"Out of his mouth comes a sharp sword with which to strike down the nations. 'He will rule them with an iron scepter.' He treads the winepress of the fury of the wrath of God Almighty. On his robe and on his thigh he has this name written: King of Kings and Lord of Lords." (Revelation 19:16-17)
The wrath of God is both present and future. He is opposed to evil and rebellion now (see Romans 6:16-17), and in the future he will express the full range of his wrath when he destroys evil.
If not for the inexplicable wonder of Jesus' death and resurrection, none of us could escape God's wrath. But because Jesus died, we can claim his shed blood to protect us from the destruction of God's justice. We can accept his death and hide under his righteous blood, and God will spare us when he judges the wicked.
The Bible makes clear that those who believe and accept Jesus are spared the wrath of God. (see John 3:36) Paul expounds, "Since we have now been justified by his blood, how much more shall we be saved from God's wrath through him!" (Romans 5:9)
He says further, "For God did not appoint us to suffer wrath but to receive salvation through our Lord Jesus Christ. He died for us so that, whether we are awake or asleep, we may live together with him." (1 Thessalonians 5:9-10)
The Passover prefigured an event that has still to be fulfilled. When the Israelites escaped God's death sentence by staying inside the blood on the door posts, they were living a prophecy of God's people surviving the wrath of God by accepting the blood of the Lamb, the Lord Jesus.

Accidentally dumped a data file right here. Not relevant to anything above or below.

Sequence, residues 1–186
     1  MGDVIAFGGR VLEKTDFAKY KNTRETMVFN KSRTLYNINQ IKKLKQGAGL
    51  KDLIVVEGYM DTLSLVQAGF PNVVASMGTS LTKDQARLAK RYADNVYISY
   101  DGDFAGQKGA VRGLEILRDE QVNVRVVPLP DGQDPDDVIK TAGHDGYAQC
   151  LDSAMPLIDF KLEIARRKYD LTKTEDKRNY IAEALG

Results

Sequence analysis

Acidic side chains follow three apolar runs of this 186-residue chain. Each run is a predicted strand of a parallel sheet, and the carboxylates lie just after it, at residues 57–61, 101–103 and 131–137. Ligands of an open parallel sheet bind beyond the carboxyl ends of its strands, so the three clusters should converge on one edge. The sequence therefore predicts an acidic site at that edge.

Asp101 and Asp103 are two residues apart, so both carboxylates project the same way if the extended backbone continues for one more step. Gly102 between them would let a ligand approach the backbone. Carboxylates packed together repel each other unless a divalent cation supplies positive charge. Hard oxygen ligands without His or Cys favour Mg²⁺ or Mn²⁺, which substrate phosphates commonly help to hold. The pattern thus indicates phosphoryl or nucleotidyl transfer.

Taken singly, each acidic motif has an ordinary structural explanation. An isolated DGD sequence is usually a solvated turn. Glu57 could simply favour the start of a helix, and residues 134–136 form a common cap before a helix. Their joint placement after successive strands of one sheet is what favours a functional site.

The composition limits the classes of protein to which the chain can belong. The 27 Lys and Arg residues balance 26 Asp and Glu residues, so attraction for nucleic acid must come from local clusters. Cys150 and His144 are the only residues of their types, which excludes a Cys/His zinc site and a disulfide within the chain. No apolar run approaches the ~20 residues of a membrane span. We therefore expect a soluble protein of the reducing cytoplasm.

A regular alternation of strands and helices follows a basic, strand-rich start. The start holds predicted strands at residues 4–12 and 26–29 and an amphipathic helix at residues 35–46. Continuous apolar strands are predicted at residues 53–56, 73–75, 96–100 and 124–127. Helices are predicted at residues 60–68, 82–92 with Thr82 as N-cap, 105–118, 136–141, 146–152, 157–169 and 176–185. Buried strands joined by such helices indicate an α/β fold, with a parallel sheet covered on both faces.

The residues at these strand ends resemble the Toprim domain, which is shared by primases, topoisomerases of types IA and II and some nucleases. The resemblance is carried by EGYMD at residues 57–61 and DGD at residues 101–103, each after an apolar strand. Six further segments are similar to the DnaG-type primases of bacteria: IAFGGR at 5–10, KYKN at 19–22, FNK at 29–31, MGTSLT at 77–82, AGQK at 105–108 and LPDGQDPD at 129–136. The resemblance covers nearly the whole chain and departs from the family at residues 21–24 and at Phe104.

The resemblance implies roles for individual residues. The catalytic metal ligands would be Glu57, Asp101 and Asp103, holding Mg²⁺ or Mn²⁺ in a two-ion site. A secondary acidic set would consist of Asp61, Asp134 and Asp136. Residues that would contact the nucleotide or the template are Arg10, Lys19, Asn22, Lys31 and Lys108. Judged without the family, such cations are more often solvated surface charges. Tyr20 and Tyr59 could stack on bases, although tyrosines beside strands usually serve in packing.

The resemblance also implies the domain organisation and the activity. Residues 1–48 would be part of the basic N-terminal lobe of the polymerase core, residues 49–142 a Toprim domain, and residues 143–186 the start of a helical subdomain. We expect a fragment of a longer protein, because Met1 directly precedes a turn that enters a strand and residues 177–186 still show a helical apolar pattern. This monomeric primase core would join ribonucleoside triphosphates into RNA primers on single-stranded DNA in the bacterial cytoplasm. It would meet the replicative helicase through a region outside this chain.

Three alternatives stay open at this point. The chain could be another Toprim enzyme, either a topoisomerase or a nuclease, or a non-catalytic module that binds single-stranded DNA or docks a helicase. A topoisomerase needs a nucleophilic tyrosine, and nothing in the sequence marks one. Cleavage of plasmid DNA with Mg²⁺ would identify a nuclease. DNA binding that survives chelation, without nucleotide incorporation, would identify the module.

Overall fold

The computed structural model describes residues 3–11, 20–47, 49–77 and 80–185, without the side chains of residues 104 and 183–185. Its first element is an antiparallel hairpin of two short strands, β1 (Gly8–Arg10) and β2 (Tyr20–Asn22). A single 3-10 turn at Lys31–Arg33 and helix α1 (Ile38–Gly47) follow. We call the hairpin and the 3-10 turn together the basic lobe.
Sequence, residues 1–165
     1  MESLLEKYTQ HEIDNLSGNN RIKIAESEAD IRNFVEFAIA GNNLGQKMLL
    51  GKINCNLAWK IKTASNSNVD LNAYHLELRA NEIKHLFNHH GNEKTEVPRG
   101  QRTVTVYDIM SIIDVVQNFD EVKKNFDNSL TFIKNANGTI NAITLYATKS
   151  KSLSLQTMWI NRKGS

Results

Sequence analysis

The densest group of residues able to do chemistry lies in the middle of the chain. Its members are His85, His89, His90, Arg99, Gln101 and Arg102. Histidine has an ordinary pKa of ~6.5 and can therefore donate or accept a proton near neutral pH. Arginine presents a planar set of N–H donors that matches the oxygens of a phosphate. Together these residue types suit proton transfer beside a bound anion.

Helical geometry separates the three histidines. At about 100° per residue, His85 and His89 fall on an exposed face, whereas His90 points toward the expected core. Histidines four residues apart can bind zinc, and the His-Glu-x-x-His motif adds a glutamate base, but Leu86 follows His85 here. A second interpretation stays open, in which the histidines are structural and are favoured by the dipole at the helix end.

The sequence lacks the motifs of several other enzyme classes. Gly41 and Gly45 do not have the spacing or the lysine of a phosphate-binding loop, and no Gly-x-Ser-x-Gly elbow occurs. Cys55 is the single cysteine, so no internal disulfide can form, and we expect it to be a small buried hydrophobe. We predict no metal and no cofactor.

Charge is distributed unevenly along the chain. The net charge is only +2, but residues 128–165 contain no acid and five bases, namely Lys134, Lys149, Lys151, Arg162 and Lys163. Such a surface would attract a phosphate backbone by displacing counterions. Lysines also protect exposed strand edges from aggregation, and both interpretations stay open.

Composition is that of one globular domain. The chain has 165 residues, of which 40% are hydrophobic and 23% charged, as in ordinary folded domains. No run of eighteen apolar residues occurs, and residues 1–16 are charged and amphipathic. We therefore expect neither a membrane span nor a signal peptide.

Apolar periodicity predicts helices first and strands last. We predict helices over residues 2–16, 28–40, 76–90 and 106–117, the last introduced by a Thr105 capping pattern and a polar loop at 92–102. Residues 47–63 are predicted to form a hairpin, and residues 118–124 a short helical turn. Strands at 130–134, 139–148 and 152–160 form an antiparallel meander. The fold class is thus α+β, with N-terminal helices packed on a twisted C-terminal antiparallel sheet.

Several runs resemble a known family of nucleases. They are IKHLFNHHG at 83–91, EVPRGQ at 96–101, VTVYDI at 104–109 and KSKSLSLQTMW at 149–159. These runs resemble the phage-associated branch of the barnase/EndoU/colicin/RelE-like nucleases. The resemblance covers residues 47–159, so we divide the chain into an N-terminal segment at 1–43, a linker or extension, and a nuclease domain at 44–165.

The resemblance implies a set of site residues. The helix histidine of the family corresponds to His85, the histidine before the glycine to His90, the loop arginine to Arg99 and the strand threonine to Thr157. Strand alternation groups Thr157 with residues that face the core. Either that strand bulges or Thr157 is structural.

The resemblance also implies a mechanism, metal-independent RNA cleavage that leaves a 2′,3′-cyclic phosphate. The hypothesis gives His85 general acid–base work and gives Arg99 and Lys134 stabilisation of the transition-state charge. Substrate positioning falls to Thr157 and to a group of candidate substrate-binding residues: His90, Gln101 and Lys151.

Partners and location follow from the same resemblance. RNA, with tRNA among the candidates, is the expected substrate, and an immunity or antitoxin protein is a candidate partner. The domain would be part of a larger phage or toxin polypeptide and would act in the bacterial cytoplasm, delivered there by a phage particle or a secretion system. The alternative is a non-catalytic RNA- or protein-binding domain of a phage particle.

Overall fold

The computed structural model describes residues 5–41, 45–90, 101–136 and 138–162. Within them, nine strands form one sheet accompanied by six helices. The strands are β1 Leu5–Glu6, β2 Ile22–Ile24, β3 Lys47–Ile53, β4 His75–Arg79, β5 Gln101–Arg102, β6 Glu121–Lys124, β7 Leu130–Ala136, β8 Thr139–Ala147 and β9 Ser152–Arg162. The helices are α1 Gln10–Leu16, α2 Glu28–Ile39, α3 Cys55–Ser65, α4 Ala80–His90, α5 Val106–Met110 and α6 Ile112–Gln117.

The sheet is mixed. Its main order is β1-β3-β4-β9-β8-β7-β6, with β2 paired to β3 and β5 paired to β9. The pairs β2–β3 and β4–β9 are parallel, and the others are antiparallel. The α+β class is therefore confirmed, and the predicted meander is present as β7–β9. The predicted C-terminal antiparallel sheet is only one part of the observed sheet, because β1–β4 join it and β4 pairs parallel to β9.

Moses "persevered because he saw him who is invisible." (Heb. 11:27) He knew the prophecies of a coming Redeemer, but even more tangible to him was God's promise that Israel would be led out of bondage. Moses actually became the medium through whom God orchestrated Israel's escape. When he was growing up as a prince in Egypt, he did not know he would become a shepherd full of insecurities who would have to be trained by God to become a leader. Even though he underwent leadership training as the crown prince, he did not learn the qualities that made a leader God could use. It took humiliation and shame to drive Moses to see that his privileges and gifts could not accomplish God's work. God had to have a humble man empty of his own perverted sense of importance before he could train him to trust by faith.
Even though Moses did not have all the details of his coming Redeemer, he did learn to trust God. He believed his promises to the patriarchs and to him. He "saw" that God's people would escape Egypt under his leadership. He "saw" that God would send the Redeemer he promised. Moses learned to live by faith in the invisible God and his yet-unseen Son.
By faith Moses actually prefigured the Redeemer who was to come. Moses, a prince, gave up his royal title and became an insignificant shepherd. Like Jesus, his people did not recognize him as their redeemer. He led them out of slavery to evil people and wickedness into a life in which they answered to God. Instead of living by human rules, they now lived by God's rules. They argued with Moses, however, begging him to let them have the way of life they left.